HE IS THE DEAN of labor law scholars. And so, one dean
to another, Michael A. Fitts, head of Penn Law School, led the
chorus of praise for Clyde
W. Summers, Jefferson B.
Fordham Professor of Law
Emeritus, at a symposium in
“There are very few academics
who get to define a
field,” Fitts said of Summers,
who was one of the first to
take a serious look at comparative labor law. “He is the leading
labor law scholar of his generation.”
The occasion for Fitts’ remarks were the Labor Law Symposium,
a day-long examination of issues pertaining to employee
health and safety. The conference was sponsored by the Journal
of Labor and Employment Law. OSHA and the Mine Safety and
Health Act were the subjects in presentations by government officials, union leaders, and private attorneys.
Like OSHA, Summers has had an enormous impact, as
students who organized the conference reminded everyone,
attributing their interest in labor and employment law to him.
Summers is in his 60th year of full-time teaching. He helped
draft the Landrum Griffin Act, which protects and promotes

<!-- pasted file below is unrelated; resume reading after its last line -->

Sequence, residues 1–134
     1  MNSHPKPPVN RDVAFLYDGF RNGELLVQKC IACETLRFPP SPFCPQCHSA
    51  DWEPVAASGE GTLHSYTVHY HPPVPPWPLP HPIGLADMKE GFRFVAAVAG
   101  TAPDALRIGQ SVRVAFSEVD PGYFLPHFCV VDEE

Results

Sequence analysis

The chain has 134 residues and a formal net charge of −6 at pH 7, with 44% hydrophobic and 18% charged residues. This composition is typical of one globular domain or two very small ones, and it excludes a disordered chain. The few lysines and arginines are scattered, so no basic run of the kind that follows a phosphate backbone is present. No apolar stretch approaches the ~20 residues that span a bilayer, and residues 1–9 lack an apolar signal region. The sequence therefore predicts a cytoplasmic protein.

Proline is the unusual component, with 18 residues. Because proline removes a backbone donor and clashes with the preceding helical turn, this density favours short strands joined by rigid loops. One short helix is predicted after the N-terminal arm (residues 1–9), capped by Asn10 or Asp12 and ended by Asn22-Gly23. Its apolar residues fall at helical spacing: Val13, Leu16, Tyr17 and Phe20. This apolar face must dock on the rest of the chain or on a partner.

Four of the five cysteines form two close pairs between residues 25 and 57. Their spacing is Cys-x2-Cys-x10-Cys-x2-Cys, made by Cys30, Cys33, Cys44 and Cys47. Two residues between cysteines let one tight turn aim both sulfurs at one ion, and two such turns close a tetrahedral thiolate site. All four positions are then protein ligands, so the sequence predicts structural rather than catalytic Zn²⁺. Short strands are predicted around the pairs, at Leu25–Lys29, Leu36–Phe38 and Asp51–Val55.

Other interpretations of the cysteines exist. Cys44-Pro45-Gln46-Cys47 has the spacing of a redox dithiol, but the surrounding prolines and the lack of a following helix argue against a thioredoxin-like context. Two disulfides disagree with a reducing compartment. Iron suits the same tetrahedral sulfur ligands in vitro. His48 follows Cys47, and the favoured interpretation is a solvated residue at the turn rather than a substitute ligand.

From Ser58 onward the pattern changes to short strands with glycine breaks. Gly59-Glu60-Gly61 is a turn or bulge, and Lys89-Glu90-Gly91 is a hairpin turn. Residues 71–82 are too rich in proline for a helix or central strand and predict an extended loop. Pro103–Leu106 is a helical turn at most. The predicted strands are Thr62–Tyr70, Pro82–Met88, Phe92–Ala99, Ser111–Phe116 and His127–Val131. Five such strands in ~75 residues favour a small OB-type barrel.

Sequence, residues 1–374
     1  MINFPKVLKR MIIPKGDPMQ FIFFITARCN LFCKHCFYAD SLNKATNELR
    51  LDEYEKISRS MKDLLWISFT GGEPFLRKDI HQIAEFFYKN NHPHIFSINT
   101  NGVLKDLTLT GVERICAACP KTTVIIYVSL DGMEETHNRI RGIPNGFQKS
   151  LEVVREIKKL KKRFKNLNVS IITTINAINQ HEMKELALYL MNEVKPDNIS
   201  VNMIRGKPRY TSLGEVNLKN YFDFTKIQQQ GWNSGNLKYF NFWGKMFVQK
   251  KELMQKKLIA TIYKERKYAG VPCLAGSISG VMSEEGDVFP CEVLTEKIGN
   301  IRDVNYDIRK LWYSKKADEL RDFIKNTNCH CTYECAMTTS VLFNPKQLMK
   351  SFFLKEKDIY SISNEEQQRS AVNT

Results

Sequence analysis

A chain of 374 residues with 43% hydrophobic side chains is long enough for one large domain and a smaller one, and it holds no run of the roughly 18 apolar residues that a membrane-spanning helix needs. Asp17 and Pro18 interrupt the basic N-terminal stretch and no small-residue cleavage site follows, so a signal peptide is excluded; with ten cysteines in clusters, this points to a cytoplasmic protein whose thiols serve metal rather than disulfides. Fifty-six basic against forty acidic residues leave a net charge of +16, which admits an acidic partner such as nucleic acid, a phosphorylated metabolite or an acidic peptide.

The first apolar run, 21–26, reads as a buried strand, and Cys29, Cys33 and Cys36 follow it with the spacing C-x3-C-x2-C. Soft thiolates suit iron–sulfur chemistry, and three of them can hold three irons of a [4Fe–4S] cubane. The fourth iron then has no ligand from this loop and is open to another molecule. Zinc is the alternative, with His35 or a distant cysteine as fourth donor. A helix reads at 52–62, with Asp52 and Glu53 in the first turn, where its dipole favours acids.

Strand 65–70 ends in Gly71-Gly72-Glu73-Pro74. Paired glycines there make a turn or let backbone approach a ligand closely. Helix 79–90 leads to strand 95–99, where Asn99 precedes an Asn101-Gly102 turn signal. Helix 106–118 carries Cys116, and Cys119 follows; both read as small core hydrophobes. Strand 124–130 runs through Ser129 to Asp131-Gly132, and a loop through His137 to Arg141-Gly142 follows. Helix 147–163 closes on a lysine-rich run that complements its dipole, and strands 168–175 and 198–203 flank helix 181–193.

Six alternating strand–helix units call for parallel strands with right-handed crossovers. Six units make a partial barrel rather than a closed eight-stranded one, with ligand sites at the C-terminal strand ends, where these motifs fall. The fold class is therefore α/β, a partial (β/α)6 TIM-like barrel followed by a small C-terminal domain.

the democratic process in unions, and his influential article
advocating statutory protection against unjust dismissal led to
the Commission of Uniform State Laws’ Model Employment
Fittingly, Summers had the last word at the conference. He
faulted government for excluding small businesses from health
and safety inspections, calling it symptomatic of Washington’s
greater interest in reducing taxes than in protecting the well-being
of workers. His solution: Self-policing. Summers said there
should be a statute requiring every employer to have a safety
committee inside its plant, which would reduce the number of
inspectors needed for workplace inspections.